God’s love reaches out across all divides and fears

Mary Copping, 19 May 2019

Acts 11: 1–18; John 13: 31–35

Our first reading today was from the Acts of the Apostles. As many of you know, it was Luke, the author of the third gospel, who also wrote Acts, and Luke was a Gentile – a Gentile in a largely Jewish world. He spent a lot of time with Paul, who was a devout Jew. So Luke understood the circumstances of living alongside a Jew in that world and the animosity and suspicion that could sometimes arise between Jew and Gentile.

Our account in Acts, of Peter telling his Jewish friends why he had had the temerity to go to a Gentile’s house, was obviously important to Luke, because he writes here about Peter, again explaining his vision, when it has already been described earlier in Acts. God was doing a new thing in many areas at this time, and this account illustrates something vitally new for the Jews – and something vitally important for all to understand.

Peter describes the vision he was shown, of a sheet being lowered down containing all kinds of meat, and being told to eat the animals on the sheet – that nothing was unclean, all was acceptable to God. Peter was a devout Jew, like Paul, and Jews have strict laws about what should and shouldn’t be eaten; so this was a huge thing for him to take in.

Through this, God was showing him that all people were acceptable and special to him. The Jews of that time felt that they were the special people of God, chosen by him, and that others weren’t. With the vision that God gave Peter, his whole perspective changed. As Peter told his friends about the vision, he also told them that the Holy Spirit had come on the Gentiles as well – something they could hardly believe. Surely the Holy Spirit was only for them? It is very telling that his friends, praising God for what Peter was recounting to them, said, ‘Then God has given even to the Gentiles the repentance that leads to life’. There was still a long way to go for their total acceptance of Gentile people.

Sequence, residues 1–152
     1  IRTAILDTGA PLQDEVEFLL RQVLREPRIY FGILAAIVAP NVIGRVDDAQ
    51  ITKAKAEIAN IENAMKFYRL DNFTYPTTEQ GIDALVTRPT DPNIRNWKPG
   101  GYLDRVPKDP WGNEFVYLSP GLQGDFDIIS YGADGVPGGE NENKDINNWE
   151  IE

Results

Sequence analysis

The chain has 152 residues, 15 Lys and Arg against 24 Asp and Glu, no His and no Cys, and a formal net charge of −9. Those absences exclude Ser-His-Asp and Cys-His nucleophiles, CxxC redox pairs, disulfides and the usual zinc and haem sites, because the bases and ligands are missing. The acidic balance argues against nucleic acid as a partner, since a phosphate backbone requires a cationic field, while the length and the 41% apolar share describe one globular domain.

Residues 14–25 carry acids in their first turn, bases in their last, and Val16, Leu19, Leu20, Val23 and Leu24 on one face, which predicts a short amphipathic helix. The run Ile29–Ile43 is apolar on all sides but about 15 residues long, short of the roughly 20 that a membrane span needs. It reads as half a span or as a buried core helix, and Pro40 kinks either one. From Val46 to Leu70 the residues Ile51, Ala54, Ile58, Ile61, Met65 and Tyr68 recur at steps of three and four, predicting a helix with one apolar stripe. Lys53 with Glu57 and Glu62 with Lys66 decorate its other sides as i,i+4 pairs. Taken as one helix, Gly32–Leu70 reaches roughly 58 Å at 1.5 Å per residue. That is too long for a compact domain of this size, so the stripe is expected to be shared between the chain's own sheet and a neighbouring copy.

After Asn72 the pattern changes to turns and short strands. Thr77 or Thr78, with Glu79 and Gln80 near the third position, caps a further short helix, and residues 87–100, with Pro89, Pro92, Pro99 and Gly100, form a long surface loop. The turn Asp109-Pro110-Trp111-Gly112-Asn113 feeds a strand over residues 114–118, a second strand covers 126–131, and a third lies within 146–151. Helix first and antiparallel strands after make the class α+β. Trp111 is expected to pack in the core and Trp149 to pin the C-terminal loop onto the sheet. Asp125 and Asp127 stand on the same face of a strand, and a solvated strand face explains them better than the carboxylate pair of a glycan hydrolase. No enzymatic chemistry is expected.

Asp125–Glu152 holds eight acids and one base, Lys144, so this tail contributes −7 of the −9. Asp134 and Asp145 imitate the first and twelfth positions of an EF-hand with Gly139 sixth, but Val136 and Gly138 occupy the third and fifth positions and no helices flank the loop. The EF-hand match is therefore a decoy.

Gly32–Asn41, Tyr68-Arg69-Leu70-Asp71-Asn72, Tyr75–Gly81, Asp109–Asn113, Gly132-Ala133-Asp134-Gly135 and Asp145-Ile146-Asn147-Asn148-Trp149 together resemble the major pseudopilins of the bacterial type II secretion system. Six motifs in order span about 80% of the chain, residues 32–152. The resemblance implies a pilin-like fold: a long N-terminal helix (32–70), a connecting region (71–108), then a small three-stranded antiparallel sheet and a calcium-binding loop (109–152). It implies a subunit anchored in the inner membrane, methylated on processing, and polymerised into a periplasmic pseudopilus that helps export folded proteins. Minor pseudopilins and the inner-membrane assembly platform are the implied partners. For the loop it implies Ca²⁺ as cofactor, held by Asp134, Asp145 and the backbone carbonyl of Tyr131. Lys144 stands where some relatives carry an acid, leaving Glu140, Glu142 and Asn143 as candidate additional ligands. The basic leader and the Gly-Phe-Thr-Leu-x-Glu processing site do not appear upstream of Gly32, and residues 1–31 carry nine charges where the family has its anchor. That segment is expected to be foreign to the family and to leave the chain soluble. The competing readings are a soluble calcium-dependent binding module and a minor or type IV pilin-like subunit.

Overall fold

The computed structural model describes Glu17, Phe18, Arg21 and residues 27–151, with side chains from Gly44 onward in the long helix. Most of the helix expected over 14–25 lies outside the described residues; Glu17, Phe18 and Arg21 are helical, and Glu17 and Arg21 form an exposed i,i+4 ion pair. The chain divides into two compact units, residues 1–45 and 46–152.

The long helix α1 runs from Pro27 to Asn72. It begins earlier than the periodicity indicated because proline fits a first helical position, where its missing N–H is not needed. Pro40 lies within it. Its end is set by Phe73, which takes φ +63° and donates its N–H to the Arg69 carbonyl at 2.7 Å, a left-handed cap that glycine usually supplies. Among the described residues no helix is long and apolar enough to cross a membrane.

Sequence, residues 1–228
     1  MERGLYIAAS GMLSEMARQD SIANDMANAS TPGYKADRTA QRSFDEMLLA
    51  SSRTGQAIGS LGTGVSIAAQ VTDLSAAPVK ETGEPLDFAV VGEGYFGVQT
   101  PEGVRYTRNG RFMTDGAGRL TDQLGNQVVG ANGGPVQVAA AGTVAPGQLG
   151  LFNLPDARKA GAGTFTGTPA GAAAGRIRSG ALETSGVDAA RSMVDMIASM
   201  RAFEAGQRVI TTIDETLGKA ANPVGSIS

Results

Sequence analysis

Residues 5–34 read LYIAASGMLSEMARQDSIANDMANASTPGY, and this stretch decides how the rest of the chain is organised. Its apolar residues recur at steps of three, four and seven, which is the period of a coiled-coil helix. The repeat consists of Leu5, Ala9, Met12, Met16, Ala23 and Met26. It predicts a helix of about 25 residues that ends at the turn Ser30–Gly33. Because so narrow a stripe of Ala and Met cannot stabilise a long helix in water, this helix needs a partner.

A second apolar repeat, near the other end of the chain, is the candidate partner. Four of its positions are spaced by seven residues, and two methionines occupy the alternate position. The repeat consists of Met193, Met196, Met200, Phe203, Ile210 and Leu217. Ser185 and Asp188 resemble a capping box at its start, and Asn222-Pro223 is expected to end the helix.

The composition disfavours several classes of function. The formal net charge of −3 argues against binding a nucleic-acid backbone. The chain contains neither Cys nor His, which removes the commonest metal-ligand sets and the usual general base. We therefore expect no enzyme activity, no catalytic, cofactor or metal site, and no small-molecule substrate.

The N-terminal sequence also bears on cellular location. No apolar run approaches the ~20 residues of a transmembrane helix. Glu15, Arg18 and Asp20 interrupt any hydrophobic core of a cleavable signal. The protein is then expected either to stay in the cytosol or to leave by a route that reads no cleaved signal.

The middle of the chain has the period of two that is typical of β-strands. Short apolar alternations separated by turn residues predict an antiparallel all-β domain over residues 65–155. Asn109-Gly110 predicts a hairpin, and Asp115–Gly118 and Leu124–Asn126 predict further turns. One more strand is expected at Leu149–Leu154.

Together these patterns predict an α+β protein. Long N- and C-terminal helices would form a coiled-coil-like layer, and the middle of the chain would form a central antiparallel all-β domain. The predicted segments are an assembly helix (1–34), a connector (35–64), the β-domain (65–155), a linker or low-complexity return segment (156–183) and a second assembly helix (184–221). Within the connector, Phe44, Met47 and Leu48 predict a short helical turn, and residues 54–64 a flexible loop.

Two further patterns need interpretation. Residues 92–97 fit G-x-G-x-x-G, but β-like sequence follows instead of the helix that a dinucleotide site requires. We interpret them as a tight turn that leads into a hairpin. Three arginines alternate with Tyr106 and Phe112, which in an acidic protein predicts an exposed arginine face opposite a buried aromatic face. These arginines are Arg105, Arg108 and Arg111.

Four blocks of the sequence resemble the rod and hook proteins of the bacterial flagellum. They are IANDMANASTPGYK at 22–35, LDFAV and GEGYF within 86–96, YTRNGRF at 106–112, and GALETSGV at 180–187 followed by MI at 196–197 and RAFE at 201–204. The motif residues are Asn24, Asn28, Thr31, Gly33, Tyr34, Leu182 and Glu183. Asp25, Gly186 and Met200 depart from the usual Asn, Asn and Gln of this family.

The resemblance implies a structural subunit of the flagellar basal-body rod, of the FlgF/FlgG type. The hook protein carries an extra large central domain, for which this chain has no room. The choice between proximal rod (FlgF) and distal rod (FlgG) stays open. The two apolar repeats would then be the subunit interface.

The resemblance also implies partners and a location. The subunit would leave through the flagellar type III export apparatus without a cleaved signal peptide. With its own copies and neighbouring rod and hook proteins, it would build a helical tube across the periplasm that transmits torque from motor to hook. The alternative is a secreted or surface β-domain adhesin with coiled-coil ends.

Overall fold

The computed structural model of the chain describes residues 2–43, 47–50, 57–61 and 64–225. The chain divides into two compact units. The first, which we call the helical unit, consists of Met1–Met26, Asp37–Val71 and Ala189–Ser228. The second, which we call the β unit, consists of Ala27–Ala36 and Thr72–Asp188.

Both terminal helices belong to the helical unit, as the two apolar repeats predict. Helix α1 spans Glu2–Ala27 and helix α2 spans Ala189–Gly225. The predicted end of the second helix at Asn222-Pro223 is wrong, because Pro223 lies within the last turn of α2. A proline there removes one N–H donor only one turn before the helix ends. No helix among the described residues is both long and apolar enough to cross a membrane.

Our Community Day last week was a real joy, and it was so wonderful that so many people from the community around came to St Paul’s. Peter often describes the church as having soft edges, welcoming all – and many times, new people have said how welcome they feel. This is great and something we can be proud of.

But I wonder if there are any groups of people who we are suspicious of, cannot accept or would prefer not to mix with. The son of a friend of mine became involved in a group of leather-clad bikers. My friend was suspicious of her son’s friends and had always hated bikers – was in fact afraid of them. And yet, as she gradually got to know them, she warmed to them and realised that they were human and lovable and fallible, as we all are.

I wonder if there are any groups of people who we are suspicious of, cannot accept or would prefer not to mix with.

Many of you know that my husband Pete was part-Fijian. I met him in the early 70s when mixed-race relationships were far rarer, and sometimes frowned upon. When my mother heard that we were planning to get married, she said, ‘But what about the children?’ – a real concern about children of mixed race in that climate of ignorance and unknowing. My father, a Yorkshireman, was also suspicious of Pete – suspicious, in fact, of all black people. Yet when they eventually met him they both loved him and were pleased for me. But our marriage was still quite difficult for them to accept.